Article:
WASHINGTON—The war of words between credit unions and merchants over data breaches continues to escalate, but it remains to be seen what effect the new Republican majority in Congress will have on the battle.

CU trade groups have spoken up loudly that retailers must be responsible for making members whole following any losses sustained during a merchant data breach, and on Oct. 30 six members of retail trade groups sent a letter to CUNA and NAFCU outlining their position.

In the letter, the merchants' representatives referred to the Merchant-Financial Services Security Partnership, which includes more than 250 executives from across the retail and financial services spectrums working to protect businesses, institutions and consumers from data breaches.

"Unfortunately, while retailers, restaurants, convenience stores, hotels, national banks, card networks and community banks have joined the partnership," the merchants wrote, "one constituency has still not seen fit to participate: credit unions. It is past time we started working together for the greater good of America's consumers."

The presidents of the two CU trade groups fired back, reminding that merchant data braches in the last 12 months have cost credit unions and their members at least $90 million—and that's just for the breaches at Target and Home Depot ($30 million and $60 million, respectively).

"There is no end in sight as long as you resist federal data security standards, like those credit unions must follow under the Gramm-Leach-Bliley Act," wrote CUNA CEO Jim Nussle and NAFCU CEO B. Dan Berger. The pair said the trades would be willing to take part in a collaborative effort only if merchants and their trade groups agreed to work within the same data-security standards that CUs and other FIs are currently held to.

"In short," Nussle said in a subsequent statement, "we'll back off highlighting the costs of data breaches on credit unions when merchants step up and take responsibility … and stop making consumers vulnerable."

In his own statement, Berger similarly quashed the idea of the CU trades joining the merchants' coalition.

"We will join their partnership when retailers and merchants begin properly protecting consumers' data and investing in the technology necessary to do so," he said.

'A Front-Burner Issue'

The dueling letters came only days before the midterm elections, in which Republicans gained control of the Senate and increased their majority in the House—the first time the GOP has controlled both chambers of Congress since 2006.

"We really hope that the new Congress is going to pay close attention to what's going on," said Katie Marisic, VP of political affairs at NAFCU, adding that FIs continue to be the ones "picking up the slack" as data breaches happen with increasing regularity.

Ryan Donovan, SVP of legislative affairs at CUNA, noted that this kind of legislation has been a struggle to move through Congress not because of the party make-up but because it involves multiple committees which can't always get a bill to the floor for a vote.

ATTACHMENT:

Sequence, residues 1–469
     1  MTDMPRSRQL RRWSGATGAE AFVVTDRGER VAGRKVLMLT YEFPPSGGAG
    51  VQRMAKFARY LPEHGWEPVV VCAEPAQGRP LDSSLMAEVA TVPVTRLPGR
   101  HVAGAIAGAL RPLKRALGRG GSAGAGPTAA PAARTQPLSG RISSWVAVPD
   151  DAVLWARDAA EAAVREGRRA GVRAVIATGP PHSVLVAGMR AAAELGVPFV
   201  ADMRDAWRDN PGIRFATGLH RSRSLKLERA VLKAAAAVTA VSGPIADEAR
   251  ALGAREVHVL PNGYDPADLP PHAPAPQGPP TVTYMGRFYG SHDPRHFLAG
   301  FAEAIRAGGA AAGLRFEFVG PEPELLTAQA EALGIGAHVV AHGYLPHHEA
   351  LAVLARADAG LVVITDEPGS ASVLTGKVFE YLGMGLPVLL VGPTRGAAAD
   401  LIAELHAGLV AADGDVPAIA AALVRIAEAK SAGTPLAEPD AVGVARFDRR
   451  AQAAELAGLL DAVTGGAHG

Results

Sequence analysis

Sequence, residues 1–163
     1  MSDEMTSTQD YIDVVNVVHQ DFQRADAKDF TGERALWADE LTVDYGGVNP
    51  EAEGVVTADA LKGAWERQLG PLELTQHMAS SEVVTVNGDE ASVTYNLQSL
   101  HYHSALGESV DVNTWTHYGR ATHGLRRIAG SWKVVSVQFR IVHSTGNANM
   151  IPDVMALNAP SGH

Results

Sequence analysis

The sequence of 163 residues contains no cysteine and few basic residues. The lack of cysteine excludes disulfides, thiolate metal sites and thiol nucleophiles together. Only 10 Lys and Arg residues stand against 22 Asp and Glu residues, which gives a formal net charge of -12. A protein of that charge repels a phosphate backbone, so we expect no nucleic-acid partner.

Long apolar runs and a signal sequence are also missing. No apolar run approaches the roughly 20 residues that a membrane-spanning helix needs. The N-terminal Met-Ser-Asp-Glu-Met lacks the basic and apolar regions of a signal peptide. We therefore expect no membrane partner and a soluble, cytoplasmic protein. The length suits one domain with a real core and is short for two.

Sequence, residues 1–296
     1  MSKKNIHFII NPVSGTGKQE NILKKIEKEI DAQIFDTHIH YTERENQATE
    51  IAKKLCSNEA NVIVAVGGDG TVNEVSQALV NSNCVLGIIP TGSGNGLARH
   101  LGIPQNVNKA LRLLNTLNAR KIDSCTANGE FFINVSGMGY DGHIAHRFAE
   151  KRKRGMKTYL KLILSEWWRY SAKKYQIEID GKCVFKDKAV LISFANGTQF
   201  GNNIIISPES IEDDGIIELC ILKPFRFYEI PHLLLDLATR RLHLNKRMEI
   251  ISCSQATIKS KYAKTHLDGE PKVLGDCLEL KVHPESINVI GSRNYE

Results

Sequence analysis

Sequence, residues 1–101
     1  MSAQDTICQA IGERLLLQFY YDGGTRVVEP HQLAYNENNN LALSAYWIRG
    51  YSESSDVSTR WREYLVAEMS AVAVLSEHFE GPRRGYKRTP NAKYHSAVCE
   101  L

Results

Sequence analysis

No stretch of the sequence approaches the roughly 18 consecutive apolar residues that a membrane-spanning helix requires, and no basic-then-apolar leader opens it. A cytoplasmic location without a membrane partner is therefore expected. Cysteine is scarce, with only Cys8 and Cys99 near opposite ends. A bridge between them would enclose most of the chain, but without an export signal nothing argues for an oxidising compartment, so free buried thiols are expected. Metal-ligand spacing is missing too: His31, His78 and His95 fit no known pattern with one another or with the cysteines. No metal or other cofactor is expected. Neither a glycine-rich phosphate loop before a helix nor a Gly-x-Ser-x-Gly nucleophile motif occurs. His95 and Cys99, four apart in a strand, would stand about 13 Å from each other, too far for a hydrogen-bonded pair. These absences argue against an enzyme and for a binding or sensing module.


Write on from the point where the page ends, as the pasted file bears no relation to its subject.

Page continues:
"We think that it is very reasonable to ask Congress to hold the merchants to the same type of data standards that credit unions face," he said.

John McKechnie, who formerly worked at NCUA and CUNA and is now a partner at D.C.-based consulting firm Total Spectrum, told CU Journal that regardless of which party is in power, credit unions and their trade groups "have to continue to make this a front-burner issue."

"The thing we have to remember, though, is that both parties seem to be split in terms of preferring retailers and financial institutions," he added. "Both industries seem to have good friends on both sides of the aisle. Even though you have a new majority, I don't think the Republicans are going to be any more or less receptive. It's a matter of credit unions putting the elbow grease in and working very hard to make sure Congress sees us as very persistent in standing up for the consumer on this."

State or Federal?

Some analysts, however, said that what Congress does—or doesn't do—may not matter.

"If businesses continue to be breached and the politicians and public continue to have concerns [about data security] … who usually steps in to fill that is the government. If Congress is not going to do it or can't do it, I think you'll start seeing states do it," said Collin Hite, a partner with the Insurance Recovery Group at Hirschler Fleischer in Richmond, Va., pointing that either governors or attorneys general could lead that charge at the state level.

"We've seen it in other areas where attorneys general have been very aggressive against other industries for issues, such as some of the insider trading where they've tried to take the lead," he said. "I think you'll see states take that lead. I think businesses would prefer to have a national, uniform standard, but somebody's going to have to step into the breach."

Jake Olcott, a principal with Good Harbor Security Risk Management LLC, concurred about the possibility of states taking the charge on data standards, noting that in some cases "state-by-state laws have almost made the idea of a national standard irrelevant."

Speaking before the election, Olcott said that single-party control could increase the likelihood of meaningful Congressional action.

"Whenever you have a situation where there is single-party control of both houses of Congress it is obviously much easier to legislate than when different parties are controlling the houses," he said.

But, he added, "from a policy standpoint, there has been so much conversation on the Hill in recent years about how terrible cyber security is. Yet that understanding of the problem has not necessarily led to any action, even though it seems like both sides aren't really too far off."

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